Rationalizing or not, you decided you want to get a nicer house, and you want to take advantage of the growing equity in the home you currently own. So, is it a good idea to wait till you get more equity in your own home before you trade up?

In order to make the best decision, consider the following:

1. You’re chasing a moving target

If the price of your home is going up, so is the price of the place you have your eye on. That might seem like a pretty obvious observation, but you’d be surprised at how many people assume theirs is the only home price rising.

2. Homes are priced in dollars, not percentages

As a general rule, the higher up you go in the housing food chain, the bigger the price swings measured in dollars: 10 percent of $900, 000 is $90, 000 and 10 percent of $200, 000 is only $20, 000. Both are 10 percent (as in “home prices are up 10 percent”) but the dollars are very different.

3. Your key number is the price difference.

This means if you’re trading up, the key number for you is the price difference… in dollars. Sound obvious? Keep reading.

The math

For the sake of round numbers, let’s say your current house is worth $200, 000 and the nicer house is $250, 000. (The actual amounts don’t matter, they scale to whatever you’re looking at.)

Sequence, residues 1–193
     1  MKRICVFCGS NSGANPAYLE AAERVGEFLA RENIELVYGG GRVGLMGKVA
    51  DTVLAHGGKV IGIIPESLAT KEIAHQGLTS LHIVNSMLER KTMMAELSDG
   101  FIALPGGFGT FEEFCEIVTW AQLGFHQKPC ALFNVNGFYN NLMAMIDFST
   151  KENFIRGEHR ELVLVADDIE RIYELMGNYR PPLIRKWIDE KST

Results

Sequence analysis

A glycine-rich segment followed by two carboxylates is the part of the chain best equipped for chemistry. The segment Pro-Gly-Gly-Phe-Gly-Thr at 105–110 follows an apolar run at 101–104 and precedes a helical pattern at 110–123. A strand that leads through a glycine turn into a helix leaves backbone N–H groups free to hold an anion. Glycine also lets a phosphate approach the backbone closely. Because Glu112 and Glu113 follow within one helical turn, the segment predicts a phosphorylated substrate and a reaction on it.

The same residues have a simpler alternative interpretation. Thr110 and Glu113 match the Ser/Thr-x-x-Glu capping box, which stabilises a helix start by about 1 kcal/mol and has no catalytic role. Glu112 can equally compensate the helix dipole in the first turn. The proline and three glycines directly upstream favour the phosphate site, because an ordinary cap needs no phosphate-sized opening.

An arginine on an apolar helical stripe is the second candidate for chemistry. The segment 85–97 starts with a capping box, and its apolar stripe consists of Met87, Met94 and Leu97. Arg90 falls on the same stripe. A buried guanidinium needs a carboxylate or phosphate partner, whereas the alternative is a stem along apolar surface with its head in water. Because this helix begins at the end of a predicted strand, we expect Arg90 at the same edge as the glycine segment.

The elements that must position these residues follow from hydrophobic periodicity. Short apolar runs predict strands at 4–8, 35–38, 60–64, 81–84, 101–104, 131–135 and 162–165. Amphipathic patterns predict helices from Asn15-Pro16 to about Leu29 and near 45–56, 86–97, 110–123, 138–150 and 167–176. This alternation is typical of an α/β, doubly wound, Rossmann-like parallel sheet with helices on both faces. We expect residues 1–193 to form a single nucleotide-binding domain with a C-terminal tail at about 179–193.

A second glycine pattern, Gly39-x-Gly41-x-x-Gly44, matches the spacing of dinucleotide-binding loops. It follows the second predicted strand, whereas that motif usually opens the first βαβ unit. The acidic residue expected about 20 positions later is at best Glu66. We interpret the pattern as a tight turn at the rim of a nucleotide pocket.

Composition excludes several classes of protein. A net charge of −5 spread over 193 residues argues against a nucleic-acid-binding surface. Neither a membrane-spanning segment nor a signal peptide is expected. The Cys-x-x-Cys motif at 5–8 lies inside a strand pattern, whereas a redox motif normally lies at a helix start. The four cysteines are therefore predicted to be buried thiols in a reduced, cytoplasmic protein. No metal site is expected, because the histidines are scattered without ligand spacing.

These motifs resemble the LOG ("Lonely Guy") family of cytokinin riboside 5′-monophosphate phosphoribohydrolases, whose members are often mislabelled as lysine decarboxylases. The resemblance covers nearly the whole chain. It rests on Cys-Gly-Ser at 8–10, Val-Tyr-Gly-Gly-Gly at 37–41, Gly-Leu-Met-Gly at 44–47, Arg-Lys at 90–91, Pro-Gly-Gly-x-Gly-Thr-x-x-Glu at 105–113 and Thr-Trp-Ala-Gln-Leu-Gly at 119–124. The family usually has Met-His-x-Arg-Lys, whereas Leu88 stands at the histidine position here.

Your key number is the difference in those home values: $50, 000… today.

In the recession, your house was probably worth, let’s say, 20 percent less than today, $160, 000. The house you’re eyeing (let’s call it your dream house) also went for less in the recession. If your home was down 20 percent, that one would also have been down 20 percent.

So, four years ago your dream house went for about $200, 000.

At that time, then, the difference between your current house and your dream house was $40, 000, compared with $50, 000 today. Same two houses.

Now, let’s say the economy starts going gangbusters and your current house appreciates even further. Your dream home will, too.

Let’s say you decide to wait till you have more equity before trading up to your dream house, and let’s say at that point the prices are $300, 000 and $375, 000 for your current and dream houses, respectively.

You can see math clearly: the difference to trade up would have gone up to $75, 000, from $50, 000 today and $40, 000 in the recession.

For the same trade.


A dollar is a dollar, and you have to repay it, with interest. You pay the fewest dollars for a trade up when you feel at your poorest, i.e., in the recession. And when you feel the richest is when you pay the most for the exact same trade.

So, waiting till you have more equity with which to trade up is an illusion. It never gets better, only worse.

The best time to trade up is as close to the bottom of the recession as you can. The longer you wait, the more you pay.

Conversely, if you’re considering a trade down (empty nesters, for example) the best time for that is when home prices are at their highest. Of course, we never know exactly when “the highest” is, but you get the math.